But it is banal and ennui-inducing by now. We’ve been there, done that. We had to form a whole new internet group the last time, the “Reality-Based Community.” I guess it is time to dust back off that blogger.com comment section from 2004.

The key quote that kicked off the Community appeared in an article by Ron Suskind on October 17, 2004 in the New York Times entitled, “Faith, Certainty and the Presidency of George W. Bush.” It is said that the Bush administration official who delivered himself of this famous quote was stragegist Karl Rove, who connived at a Permanent Republican Majority and urged a war on Iraq as a way to make sure George W. Bush got to be a two-term president (the longer in office, the more money to be made). So this is what is attributed to him:

““We’re an empire now, and when we act, we create our own reality. And while you’re studying that reality — judiciously, as you will — we’ll act again, creating other new realities, which you can study too, and that’s how things will sort out. We’re history’s actors . . . and you, all of you, will be left to just study what we do.”

Rove did not mean to admit that he is detached from reality, any more than Kellyanne Conway intended to admit that she maintains a whole warehouse of alternative facts. Rove meant to say that George W. Bush had a big ol’ reality-creation machine on the back of his flatbed truck, and when you ran it, why it tinkered with dimensional space and made things turn out right for rich old cranky white men.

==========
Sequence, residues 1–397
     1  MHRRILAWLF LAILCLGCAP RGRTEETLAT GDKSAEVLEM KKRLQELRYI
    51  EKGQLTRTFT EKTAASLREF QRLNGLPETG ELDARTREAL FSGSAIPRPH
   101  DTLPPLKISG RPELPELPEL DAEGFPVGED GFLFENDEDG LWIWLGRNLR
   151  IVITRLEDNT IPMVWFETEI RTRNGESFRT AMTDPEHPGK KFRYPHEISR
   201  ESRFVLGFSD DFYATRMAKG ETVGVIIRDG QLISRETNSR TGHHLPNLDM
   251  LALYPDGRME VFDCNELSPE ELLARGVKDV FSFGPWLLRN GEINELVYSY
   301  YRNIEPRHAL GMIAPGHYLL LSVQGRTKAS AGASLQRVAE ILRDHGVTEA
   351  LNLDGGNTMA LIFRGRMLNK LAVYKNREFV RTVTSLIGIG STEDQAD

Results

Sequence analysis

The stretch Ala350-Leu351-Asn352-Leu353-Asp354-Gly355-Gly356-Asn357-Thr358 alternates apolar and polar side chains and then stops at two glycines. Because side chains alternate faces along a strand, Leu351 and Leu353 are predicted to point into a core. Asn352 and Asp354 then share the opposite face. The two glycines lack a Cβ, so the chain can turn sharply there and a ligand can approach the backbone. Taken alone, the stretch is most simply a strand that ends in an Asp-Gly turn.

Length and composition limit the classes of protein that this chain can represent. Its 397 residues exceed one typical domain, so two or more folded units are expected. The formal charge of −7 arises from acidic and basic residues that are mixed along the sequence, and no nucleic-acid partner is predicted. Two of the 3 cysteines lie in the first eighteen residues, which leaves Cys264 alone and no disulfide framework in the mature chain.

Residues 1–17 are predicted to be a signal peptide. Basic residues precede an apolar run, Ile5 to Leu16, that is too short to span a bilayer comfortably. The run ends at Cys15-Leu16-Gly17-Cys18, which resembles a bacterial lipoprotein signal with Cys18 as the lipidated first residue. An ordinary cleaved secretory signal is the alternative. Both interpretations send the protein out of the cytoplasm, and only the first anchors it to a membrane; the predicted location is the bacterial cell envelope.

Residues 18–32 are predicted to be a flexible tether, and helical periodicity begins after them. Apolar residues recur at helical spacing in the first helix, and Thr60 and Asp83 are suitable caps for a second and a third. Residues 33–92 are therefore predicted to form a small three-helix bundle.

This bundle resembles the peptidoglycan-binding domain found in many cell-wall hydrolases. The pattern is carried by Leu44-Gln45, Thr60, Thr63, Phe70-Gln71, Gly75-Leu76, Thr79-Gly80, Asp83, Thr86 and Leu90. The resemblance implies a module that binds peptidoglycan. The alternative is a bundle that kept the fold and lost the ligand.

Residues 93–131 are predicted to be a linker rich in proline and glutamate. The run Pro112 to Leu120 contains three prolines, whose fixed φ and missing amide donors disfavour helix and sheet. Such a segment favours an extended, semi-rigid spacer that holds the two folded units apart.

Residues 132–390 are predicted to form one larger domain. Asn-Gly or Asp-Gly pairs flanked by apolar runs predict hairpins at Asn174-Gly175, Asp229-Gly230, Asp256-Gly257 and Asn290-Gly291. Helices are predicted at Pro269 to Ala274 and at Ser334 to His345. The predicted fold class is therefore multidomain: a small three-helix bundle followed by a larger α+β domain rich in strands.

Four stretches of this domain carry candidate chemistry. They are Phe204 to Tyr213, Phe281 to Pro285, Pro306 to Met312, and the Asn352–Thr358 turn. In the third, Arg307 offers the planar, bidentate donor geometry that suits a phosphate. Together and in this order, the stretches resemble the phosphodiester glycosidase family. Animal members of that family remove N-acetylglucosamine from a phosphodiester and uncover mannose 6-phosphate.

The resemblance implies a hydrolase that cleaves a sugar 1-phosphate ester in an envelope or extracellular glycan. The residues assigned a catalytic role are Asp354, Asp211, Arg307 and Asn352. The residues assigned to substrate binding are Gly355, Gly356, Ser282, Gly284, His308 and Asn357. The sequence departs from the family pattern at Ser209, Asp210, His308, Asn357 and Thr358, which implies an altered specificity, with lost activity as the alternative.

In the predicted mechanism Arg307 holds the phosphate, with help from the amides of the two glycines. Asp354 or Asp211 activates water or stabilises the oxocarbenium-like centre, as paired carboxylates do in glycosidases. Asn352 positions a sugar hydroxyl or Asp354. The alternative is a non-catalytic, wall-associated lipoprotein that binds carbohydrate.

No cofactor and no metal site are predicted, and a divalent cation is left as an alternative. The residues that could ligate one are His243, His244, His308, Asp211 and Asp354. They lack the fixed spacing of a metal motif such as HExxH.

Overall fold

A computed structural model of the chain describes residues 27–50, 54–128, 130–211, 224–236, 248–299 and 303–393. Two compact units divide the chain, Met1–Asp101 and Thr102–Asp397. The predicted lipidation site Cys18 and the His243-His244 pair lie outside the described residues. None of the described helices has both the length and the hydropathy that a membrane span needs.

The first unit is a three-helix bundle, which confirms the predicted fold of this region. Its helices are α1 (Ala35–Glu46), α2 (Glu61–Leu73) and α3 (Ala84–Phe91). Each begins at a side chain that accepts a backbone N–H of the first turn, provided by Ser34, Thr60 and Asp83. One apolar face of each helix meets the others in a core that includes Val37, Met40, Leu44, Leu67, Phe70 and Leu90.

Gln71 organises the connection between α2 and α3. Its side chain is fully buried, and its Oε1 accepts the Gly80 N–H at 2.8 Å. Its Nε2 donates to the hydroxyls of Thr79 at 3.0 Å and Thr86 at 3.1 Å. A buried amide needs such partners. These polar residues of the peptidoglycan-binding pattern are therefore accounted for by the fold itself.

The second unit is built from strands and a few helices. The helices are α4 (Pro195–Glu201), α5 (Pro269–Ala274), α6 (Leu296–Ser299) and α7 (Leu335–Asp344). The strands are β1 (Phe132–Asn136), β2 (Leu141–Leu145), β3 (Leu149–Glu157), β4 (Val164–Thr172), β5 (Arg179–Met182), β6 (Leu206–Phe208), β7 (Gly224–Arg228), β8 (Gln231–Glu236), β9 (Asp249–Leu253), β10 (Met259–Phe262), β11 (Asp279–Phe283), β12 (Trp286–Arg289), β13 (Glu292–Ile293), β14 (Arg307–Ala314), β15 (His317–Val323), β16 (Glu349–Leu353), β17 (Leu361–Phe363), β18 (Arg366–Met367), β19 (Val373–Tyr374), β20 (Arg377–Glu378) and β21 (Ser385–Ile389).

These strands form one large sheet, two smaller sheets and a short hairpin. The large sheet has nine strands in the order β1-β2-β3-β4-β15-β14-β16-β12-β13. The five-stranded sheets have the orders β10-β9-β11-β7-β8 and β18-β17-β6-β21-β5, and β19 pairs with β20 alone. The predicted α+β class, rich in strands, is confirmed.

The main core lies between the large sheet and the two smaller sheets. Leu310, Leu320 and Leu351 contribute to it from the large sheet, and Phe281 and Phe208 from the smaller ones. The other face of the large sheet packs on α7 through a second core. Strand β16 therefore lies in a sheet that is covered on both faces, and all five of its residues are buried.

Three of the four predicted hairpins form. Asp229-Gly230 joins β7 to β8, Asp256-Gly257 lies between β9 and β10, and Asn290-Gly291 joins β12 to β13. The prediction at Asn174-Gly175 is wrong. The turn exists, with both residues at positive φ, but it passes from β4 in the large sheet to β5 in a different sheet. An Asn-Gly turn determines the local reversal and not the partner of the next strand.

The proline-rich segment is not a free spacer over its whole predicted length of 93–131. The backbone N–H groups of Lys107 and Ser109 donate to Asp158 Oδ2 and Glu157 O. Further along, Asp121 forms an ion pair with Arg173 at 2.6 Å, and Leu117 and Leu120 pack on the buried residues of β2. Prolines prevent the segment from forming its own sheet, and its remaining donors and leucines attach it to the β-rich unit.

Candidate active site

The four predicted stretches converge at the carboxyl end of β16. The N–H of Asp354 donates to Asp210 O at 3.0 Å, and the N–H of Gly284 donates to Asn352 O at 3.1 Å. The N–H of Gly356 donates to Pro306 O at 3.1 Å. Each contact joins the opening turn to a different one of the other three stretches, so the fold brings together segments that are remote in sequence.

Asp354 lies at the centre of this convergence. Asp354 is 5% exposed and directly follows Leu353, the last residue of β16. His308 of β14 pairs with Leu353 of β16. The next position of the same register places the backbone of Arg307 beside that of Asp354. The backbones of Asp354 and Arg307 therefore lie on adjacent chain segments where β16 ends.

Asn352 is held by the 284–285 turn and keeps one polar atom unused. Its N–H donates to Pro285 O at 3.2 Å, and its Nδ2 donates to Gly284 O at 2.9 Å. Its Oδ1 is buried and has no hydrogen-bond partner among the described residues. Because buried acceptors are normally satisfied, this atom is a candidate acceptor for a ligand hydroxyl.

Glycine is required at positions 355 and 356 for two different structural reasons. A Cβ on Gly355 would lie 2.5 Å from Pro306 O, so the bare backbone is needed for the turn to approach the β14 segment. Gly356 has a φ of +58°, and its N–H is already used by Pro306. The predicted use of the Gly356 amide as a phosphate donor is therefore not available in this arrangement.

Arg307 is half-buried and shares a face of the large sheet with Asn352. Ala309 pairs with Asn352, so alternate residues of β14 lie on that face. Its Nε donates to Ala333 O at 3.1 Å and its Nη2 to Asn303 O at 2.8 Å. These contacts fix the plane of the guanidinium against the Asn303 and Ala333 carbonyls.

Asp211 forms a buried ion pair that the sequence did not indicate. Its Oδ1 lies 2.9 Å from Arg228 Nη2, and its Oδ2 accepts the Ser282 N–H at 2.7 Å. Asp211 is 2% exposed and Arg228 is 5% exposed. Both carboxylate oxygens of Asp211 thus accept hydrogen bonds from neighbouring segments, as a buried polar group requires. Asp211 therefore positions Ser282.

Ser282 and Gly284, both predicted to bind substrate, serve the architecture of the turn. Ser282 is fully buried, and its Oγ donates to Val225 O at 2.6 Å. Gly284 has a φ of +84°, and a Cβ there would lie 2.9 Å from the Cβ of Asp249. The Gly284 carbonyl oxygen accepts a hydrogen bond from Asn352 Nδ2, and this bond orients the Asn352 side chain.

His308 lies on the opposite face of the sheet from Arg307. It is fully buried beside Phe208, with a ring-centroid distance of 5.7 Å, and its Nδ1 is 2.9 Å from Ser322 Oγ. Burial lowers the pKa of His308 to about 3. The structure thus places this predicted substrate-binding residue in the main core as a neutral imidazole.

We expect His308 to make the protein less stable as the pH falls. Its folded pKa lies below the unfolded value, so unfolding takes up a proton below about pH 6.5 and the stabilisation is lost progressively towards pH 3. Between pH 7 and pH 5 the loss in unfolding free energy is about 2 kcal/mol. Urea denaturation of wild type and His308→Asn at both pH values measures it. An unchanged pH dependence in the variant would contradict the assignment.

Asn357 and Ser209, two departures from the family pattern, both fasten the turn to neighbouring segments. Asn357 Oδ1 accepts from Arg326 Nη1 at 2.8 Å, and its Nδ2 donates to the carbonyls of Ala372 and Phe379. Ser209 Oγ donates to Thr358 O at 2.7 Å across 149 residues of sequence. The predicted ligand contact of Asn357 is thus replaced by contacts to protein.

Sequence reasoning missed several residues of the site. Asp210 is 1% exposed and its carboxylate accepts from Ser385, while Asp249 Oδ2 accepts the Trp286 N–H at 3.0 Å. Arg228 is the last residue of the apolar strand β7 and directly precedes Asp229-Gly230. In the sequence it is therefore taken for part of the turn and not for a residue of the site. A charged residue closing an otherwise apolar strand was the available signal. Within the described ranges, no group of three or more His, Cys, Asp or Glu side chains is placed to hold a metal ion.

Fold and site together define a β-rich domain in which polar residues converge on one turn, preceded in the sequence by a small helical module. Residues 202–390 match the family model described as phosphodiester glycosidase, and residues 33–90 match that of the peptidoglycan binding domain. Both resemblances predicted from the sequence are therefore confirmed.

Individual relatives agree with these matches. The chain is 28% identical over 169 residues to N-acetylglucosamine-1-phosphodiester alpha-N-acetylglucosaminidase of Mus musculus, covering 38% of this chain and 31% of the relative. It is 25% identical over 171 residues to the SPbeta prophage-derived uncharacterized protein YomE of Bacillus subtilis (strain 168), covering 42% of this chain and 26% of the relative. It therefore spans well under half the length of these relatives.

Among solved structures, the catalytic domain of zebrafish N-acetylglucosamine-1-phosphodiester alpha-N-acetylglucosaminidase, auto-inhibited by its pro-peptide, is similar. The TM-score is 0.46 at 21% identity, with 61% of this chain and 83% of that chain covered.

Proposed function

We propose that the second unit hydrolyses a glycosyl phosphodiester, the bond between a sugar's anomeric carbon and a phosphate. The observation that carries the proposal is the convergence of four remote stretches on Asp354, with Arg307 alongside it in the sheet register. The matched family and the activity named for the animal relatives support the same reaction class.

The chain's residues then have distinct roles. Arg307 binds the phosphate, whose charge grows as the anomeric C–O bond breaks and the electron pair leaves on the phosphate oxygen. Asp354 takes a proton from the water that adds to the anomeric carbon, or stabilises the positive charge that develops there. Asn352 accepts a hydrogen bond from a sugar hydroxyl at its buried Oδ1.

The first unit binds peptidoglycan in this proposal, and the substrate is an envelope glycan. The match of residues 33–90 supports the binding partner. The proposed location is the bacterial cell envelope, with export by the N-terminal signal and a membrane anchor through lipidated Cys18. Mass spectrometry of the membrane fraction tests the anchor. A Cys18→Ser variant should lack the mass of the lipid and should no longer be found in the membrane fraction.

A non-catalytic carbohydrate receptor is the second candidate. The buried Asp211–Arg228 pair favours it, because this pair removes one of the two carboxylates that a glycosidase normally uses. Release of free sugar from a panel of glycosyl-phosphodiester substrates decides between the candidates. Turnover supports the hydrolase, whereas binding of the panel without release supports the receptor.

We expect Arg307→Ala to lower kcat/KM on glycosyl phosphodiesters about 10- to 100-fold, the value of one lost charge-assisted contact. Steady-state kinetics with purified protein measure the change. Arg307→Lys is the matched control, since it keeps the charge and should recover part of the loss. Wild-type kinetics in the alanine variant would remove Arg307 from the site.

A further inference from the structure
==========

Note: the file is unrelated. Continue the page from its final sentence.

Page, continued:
As for being an empire, no. The days of empire are over with. The “natives” or “wily oriental gentleman” as the Victorians called them all seem to have C4 plastic explosives now, if not, as with Pakistan and India and China, hundreds of nuclear warheads. Sticky wicket, old man, wot? Grand Ayatollah Ali Sistani of Najaf in Iraq, an elderly Iranian gentleman, pushed you and George around like the paper tigers you were, and he even did it nonviolently. Other impudent imperial subjects regularly blew up the poor 18-year-olds you sent over there to do God knows what. Since you were so big on turning Iraq into a shining beacon on the hill, I hear they need a good electoral consultant in Falluja these days, and maybe you’d be so kind as to volunteer?